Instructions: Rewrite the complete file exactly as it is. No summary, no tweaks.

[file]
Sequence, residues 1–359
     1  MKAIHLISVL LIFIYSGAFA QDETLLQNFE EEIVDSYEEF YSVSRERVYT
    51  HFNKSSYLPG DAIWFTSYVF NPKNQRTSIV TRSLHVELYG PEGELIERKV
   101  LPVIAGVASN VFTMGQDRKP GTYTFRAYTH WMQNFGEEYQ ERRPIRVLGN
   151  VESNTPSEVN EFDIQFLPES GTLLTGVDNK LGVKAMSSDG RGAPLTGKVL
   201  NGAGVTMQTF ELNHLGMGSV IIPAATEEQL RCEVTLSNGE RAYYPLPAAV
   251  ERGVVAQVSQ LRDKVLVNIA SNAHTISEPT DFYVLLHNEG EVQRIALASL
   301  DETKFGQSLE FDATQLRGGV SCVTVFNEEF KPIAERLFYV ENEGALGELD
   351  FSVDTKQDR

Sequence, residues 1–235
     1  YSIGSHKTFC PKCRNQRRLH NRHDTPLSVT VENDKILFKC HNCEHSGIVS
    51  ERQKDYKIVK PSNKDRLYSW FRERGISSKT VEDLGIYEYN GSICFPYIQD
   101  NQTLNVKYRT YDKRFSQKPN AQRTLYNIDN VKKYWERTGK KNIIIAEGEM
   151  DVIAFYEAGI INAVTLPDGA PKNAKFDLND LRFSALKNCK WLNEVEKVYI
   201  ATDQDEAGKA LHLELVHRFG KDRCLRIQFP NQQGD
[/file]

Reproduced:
Sequence, residues 1–359
     1  MKAIHLISVL LIFIYSGAFA QDETLLQNFE EEIVDSYEEF YSVSRERVYT
    51  HFNKSSYLPG DAIWFTSYVF NPKNQRTSIV TRSLHVELYG PEGELIERKV
   101  LPVIAGVASN VFTMGQDRKP GTYTFRAYTH WMQNFGEEYQ ERRPIRVLGN
   151  VESNTPSEVN EFDIQFLPES GTLLTGVDNK LGVKAMSSDG RGAPLTGKVL
   201  NGAGVTMQTF ELNHLGMGSV IIPAATEEQL RCEVTLSNGE RAYYPLPAAV
   251  ERGVVAQVSQ LRDKVLVNIA SNAHTISEPT DFYVLLHNEG EVQRIALASL
   301  DETKFGQSLE FDATQLRGGV SCVTVFNEEF KPIAERLFYV ENEGALGELD
   351  FSVDTKQDR

Sequence, residues 1–235
     1  YSIGSHKTFC PKCRNQRRLH NRHDTPLSVT VENDKILFKC HNCEHSGIVS
    51  ERQKDYKIVK PSNKDRLYSW FRERGISSKT VEDLGIYEYN GSICFPYIQD
   101  NQTLNVKYRT YDKRFSQKPN AQRTLYNIDN VKKYWERTGK KNIIIAEGEM
   151  DVIAFYEAGI INAVTLPDGA PKNAKFDLND LRFSALKNCK WLNEVEKVYI
   201  ATDQDEAGKA LHLELVHRFG KDRCLRIQFP NQQGD